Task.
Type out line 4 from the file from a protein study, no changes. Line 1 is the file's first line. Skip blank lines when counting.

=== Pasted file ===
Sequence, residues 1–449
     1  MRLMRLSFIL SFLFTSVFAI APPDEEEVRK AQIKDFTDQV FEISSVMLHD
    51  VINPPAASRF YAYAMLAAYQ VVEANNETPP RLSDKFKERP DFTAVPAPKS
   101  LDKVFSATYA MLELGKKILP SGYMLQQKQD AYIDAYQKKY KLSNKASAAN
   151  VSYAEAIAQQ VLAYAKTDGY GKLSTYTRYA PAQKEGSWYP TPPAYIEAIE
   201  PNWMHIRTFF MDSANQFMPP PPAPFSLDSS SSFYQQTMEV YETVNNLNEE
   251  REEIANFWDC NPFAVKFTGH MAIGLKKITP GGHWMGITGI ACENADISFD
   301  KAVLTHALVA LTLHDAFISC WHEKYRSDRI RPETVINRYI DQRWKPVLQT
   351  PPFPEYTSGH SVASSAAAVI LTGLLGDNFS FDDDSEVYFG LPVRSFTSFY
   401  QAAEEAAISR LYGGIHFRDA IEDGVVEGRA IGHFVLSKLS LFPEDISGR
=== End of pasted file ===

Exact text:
   101  LDKVFSATYA MLELGKKILP SGYMLQQKQD AYIDAYQKKY KLSNKASAAN